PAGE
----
DC conductivity of twisted bilayer graphene: Angle-dependent transport properties and effects of disorder.
The in-plane DC conductivity of twisted bilayer graphene (TBLG) is calculated using an expansion of the real-space Kubo-Bastin conductivity in terms of Chebyshev polynomials. We investigate within a tight-binding (TB) approach the transport properties as a function of rotation angle, applied perpendicular electric field and vacancy disorder. We find that for high-angle twists, the two layers are effectively decoupled, and the minimum conductivity at the Dirac point corresponds to double the value observed in monolayer graphene. This remains valid even in the presence of vacancies, hinting that chiral symmetry is still preserved. On the contrary, for low twist angles, the conductivity at the Dirac point depends on the twist angle and is not protected in the presence of disorder. Furthermore, for low angles and in the presence of an applied electric field, we find that the chiral boundary states emerging between AB and BA regions contribute to the DC conductivity, despite the appearance of strongly localized states in the AA regions. The results agree with recent conductivity experiments on twisted bilayer graphene.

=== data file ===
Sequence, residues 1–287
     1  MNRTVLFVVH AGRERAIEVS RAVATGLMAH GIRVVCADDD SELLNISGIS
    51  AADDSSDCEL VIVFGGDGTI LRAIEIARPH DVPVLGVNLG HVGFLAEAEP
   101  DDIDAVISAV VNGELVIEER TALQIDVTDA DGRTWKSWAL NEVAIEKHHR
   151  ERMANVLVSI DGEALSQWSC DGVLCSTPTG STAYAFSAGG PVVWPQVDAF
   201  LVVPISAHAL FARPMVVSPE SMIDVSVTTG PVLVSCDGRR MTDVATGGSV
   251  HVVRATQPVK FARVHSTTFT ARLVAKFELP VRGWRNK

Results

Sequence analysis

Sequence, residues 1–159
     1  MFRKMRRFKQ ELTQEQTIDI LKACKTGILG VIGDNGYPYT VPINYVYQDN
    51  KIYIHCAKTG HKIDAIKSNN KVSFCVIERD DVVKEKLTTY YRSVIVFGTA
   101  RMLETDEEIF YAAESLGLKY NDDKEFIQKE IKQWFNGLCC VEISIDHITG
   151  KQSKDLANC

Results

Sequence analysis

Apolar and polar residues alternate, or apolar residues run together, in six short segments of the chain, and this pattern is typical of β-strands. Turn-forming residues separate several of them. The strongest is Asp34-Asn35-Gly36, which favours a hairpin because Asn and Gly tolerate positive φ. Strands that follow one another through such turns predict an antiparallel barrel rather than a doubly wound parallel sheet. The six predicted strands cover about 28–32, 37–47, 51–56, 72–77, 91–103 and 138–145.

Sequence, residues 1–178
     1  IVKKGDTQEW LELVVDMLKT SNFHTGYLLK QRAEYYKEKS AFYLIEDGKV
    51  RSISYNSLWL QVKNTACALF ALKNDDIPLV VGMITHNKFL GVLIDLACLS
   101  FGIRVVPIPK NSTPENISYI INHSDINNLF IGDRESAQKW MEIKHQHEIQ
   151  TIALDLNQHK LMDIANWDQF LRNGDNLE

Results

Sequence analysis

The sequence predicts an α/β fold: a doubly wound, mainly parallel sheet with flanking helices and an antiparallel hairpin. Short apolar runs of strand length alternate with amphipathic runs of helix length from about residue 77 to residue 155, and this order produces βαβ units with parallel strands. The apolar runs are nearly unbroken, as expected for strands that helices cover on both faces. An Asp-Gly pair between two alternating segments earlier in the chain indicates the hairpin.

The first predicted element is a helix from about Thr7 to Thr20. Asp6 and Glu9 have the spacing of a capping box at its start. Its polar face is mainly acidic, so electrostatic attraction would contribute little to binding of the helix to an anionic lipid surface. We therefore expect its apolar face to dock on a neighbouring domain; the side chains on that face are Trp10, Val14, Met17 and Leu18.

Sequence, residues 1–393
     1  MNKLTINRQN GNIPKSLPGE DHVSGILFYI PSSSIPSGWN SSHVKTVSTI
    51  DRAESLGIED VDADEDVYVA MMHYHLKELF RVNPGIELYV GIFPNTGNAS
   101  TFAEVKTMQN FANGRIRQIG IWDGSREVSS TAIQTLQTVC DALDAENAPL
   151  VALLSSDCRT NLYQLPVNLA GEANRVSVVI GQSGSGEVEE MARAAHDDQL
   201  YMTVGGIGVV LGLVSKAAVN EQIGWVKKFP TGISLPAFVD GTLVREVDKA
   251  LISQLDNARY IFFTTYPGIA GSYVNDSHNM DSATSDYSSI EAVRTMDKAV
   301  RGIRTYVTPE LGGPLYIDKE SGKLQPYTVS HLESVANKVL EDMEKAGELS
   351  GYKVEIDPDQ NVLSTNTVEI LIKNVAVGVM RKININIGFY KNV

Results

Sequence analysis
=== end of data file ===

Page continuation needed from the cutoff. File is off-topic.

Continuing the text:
Publisher URL: http://arxiv.org/abs/1705.05731
Keeping up-to-date with research can feel impossible, with papers being published faster than you'll ever be able to read them. That's where Researcher comes in: we're simplifying discovery and making important discussions happen. With over 19,000 sources, including peer-reviewed journals, preprints, blogs, universities, podcasts and Live events across 10 research areas, you'll never miss what's important to you. It's like social media, but better. Oh, and we should mention - it's free.
Researcher displays publicly available abstracts and doesn’t host any full article content. If the content is open access, we will direct clicks from the abstracts to the publisher website and display the PDF copy on our platform. Clicks to view the full text will be directed to the publisher website, where only users with subscriptions or access through their institution are able to view the full article.